Friday News Roundup 21.02.05: ESG nonsense, CERB class action, Big Six synthetics and more
Wrapping up the odds and ends in this week’s Canadian accounting news
TORONTO, Feb. 5, 2021 – While the week’s news was dominated by the growing sense that the Canadian government has been a failure at procuring vaccine shipments, it was easy to miss some of the odds and ends from the world of Canadian accounting (broadly speaking) that still made the news:
The Rosens on carbon-adjusted earnings
Al and Mark Rosen had a contentious Op-ed in Advisor’s Edge this week, questioning the murky disclosure rules around environmental, social and governance (ESG) reporting. The Rosens argue that carbon-adjusted earnings in particular—using French multinational dairy operator Danone S.A. as an example—are an opportunity for “unfortunate overreach.”
They are not completely dismissive: “Separate ESG ratings for companies, while not without their own problems, are useful enough when screening portfolios for an environmental mandate.”
Lanthier: Canada needs corporate global minimum tax
Allan Lanthier continues to write some thought-provoking Op-eds — mostly in the Financial Post but sometimes in Canadaian Accountant — on Canadian tax policy. In “Canada needs a corporate global minimum tax,” Lanthier breaks down multinational tax avoidance strategies, and calls for a similar minimum tax rate as the “global intangible low-taxed income” (GILTI) introduced in the United States by the Trump Administration.
Curb the CERB clawback says proposed class action
The ongoing fight between self-employed Canadians and the federal government over CERB payments and gross versus net income is ratcheting up. The Toronto Star reported this week that “A semi-retired Mississauga teacher is the representative plaintiff for a proposed class-action lawsuit against the federal government, on behalf of self-employed pensioners affected by the confusion over eligibility for the Canada Emergency Response Benefit.”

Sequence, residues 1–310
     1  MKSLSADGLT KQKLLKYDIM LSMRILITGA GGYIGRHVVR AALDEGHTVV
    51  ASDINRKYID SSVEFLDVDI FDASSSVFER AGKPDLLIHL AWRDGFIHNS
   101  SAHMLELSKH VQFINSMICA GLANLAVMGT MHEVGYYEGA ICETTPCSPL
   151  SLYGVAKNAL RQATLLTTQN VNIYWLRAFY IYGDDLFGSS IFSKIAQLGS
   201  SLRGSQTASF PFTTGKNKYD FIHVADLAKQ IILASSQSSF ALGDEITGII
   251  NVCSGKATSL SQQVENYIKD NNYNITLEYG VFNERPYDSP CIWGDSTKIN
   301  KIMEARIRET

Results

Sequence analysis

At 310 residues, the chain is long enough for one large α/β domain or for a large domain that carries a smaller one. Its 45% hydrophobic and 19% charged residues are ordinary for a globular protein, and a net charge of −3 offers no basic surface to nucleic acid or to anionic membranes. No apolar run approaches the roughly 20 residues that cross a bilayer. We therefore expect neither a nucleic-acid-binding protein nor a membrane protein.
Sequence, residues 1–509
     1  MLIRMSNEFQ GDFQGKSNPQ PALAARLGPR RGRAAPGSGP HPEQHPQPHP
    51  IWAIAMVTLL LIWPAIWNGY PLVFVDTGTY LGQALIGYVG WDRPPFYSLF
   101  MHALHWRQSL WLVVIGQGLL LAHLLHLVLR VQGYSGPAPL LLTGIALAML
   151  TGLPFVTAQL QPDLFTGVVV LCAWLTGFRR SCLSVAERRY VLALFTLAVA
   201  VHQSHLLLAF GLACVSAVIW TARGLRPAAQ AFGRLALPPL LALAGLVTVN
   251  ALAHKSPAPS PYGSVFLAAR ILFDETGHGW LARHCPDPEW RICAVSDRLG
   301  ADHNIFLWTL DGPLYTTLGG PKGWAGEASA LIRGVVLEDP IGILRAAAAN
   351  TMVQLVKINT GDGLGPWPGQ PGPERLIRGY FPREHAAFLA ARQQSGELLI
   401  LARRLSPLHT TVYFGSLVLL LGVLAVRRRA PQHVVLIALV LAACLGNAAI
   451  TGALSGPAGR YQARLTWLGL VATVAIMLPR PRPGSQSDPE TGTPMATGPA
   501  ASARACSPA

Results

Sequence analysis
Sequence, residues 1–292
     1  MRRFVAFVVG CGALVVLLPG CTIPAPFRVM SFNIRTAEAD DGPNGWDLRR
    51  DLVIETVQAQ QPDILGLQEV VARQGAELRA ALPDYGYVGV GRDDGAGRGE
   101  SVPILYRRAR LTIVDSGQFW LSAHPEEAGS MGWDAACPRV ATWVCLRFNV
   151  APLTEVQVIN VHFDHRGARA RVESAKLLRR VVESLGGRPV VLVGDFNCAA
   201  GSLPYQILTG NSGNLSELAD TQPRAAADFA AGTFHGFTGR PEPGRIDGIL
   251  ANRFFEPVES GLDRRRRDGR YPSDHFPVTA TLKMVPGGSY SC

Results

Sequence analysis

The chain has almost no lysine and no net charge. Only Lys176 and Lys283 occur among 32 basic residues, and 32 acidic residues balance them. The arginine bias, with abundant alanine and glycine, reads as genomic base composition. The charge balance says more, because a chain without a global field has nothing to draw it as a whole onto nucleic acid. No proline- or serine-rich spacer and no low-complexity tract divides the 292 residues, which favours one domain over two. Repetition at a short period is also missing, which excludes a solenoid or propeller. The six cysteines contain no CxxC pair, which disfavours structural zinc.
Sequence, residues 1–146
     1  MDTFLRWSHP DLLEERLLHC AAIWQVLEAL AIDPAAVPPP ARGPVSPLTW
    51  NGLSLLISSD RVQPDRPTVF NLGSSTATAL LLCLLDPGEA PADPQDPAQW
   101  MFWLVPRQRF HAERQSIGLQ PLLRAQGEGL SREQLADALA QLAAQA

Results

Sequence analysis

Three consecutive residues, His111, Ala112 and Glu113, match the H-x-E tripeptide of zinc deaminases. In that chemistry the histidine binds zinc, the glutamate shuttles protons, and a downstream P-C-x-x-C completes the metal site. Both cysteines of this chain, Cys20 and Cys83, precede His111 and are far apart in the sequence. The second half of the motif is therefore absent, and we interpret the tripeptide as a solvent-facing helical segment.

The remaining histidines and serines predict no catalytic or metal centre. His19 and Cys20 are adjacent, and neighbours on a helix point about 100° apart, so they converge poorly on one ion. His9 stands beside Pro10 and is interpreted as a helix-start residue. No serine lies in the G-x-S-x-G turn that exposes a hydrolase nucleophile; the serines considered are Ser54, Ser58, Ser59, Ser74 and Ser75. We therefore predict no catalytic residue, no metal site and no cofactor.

Big Six dividend deductions synthetic?
The Financial Post reported that the Canada Revenue Agency is in a dogfight with the Big Six and Canadian Bankers Association over the use of a complicated strategy involving “synthetic equity arrangements.” Banks and pension funds say it’s risk mitigation. The CRA says it’s (aggressive) tax avoidance. The fight is based on a 2015 change in legislation and the stakes are piled high at six billion dollars and counting.
Data privacy and online tax filing
How safe is the personal data of Canadians when they file their taxes every year? As a McGill researcher points out in the Globe and Mail: “There are currently 39 different products for online tax filing, putting the burden of figuring out which ones take our privacy seriously on citizens.” The reliance on private companies makes a mockery of the Canada Revenue Agency’s Taxpayer Bill of Rights, says Michael Gervais.
No bankruptcies. That’s good, right?
The COVID-19 pandemic has kept many Canadian businesses and families from going bankrupt, according to the Canadian Press. According to data from the Office of the Superintendent of Bankruptcy, total insolvencies in 2020 reached the lowest level since tracking began in 1987. Great for Canadians, bad for businesses dealing in bankruptcy and debt.
“These historic low insolvency filings reflect the government aid programs that have kept many individuals and businesses afloat despite the significant financial distress caused by the pandemic,” said CAIRP Chair Mark Rosen. “What we can’t see in the insolvency data yet is how things will change as the taps are turned off.” Indeed, the CBC reported bankruptcies jumped late last year, and the latest MNP Consumer Debt Index reported many Canadians are downright depressed about debt.
By Canadian Accountant staff.